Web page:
Take the 2-minute tour ×
TeX - LaTeX Stack Exchange is a question and answer site for users of TeX, LaTeX, ConTeXt, and related typesetting systems. It's 100% free, no registration required.

To show the properties of a function with two variables two-dimensionally I want to fix one variable but let it increase between plots that are placed horizontally next to each other, e.g. plot the functions where the fixed variable is set to 0.2, 0.4, 0.6 and 0.8 respectively. One way of doing this is to draw an x axis that is reset after its maximum is reached. Then the plots share y axis. How can one achieve this with pgfplots?

Below is a crude attempt of achieving this. One problem with it is that it is constructed as separate tikzpictures which may be broken over lines (which happens if the latter part of the example is uncommented). Another problem is that the x axis is broken after its reset.

A rough attempt of a plot with reset x axis

\documentclass{article}

\usepackage{pgfplots}

\pgfplotsset{
  foo/.style={
    domain=0:1,
    xmin=0, xmax=1,
    ymin=-1, ymax=1,
    axis x line=bottom,
    width=5cm,
  }
}

\begin{document}

\begin{figure}
  \begin{tikzpicture}
    \begin{axis}[foo,
      axis y line=left
      ]
      \addplot{0.2 - x};
    \end{axis}
  \end{tikzpicture}
  \begin{tikzpicture}
    \begin{axis}[foo,
      hide y axis
      ]
      \addplot{0.4 - x};
    \end{axis}
  \end{tikzpicture}
  % \begin{tikzpicture}
  %   \begin{axis}[foo,
  %     hide y axis
  %     ]
  %     \addplot{0.6 - x};
  %   \end{axis}
  % \end{tikzpicture}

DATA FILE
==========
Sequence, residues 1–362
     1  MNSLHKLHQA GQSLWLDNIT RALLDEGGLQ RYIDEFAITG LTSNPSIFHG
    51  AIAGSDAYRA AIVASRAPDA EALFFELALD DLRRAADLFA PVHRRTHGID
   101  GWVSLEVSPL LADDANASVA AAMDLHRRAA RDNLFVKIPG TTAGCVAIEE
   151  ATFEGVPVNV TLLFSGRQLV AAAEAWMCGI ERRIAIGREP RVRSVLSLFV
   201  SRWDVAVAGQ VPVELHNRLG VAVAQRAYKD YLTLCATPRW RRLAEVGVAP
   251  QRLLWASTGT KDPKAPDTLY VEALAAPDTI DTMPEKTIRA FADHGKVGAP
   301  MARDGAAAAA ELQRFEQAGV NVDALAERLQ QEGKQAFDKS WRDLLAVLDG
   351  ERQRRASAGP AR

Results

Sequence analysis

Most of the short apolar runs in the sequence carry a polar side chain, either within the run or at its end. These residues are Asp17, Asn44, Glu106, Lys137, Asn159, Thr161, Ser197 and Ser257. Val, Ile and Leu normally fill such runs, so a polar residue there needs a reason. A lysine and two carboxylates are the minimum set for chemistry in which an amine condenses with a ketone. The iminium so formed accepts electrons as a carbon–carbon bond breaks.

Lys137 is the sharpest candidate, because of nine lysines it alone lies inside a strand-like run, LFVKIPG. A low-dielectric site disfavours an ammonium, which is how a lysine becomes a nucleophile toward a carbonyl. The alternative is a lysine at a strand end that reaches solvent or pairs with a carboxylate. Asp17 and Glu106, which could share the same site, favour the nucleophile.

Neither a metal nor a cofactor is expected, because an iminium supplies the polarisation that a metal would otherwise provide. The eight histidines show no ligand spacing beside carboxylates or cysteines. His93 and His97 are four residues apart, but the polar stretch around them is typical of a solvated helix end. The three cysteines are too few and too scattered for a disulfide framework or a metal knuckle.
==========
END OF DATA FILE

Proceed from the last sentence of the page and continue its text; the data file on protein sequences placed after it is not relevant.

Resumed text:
% \begin{tikzpicture}
  %   \begin{axis}[foo,
  %     hide y axis
  %     ]
  %     \addplot{0.8 - x};
  %   \end{axis}
  % \end{tikzpicture}
\end{figure}

\end{document}
share|improve this question
add comment

2 Answers

up vote 5 down vote accepted

You can have it all in one tikzpicture by using groupplots (or do it explicitly). The groupplots library also enables fine tuning on separation as well.

Simply add the following in your preamble:

\usepgfplotslibrary{groupplots}

and then do:

\begin{figure}
  \begin{tikzpicture}
    \begin{groupplot}[group style={group size=3 by 1,horizontal sep=.3cm}]
      \nextgroupplot[foo,axis y line=left]
      \addplot{0.2 - x};
      \nextgroupplot[foo,hide y axis]
      \addplot{0.4 - x};
      \nextgroupplot[foo, hide y axis]
      \addplot{0.6 - x};
   \end{groupplot}
 \end{tikzpicture} 
\end{figure}

The group size sets how many plots you need next to each other (here a 3x1 grid of plots).

Generally, you do not need a new tikzpicture for each axis environment. You can simply shift the axis placement in the picture.
This is what groupplots automatically does.

You can not end an axis prematurely. That is, you cannot acquire the end arrows and other styling specifics of the axis without ending it.

However, you can change the ticks and thus change the tick labels to restart after some x max. However, that might be more cumbersome than just using groupplots.

The end result of the above is:

enter image description here

share|improve this answer
add comment

If you went

\begin{figure}
  \mbox{\begin{tikzpicture}...
 \end{tikzpicture}}
\end{figure}

There would be no break points (just a single word space) between the plots.

share|improve this answer
add comment

Your Answer

 
discard

By posting your answer, you agree to the privacy policy and terms of service.

Not the answer you're looking for? Browse other questions tagged or ask your own question.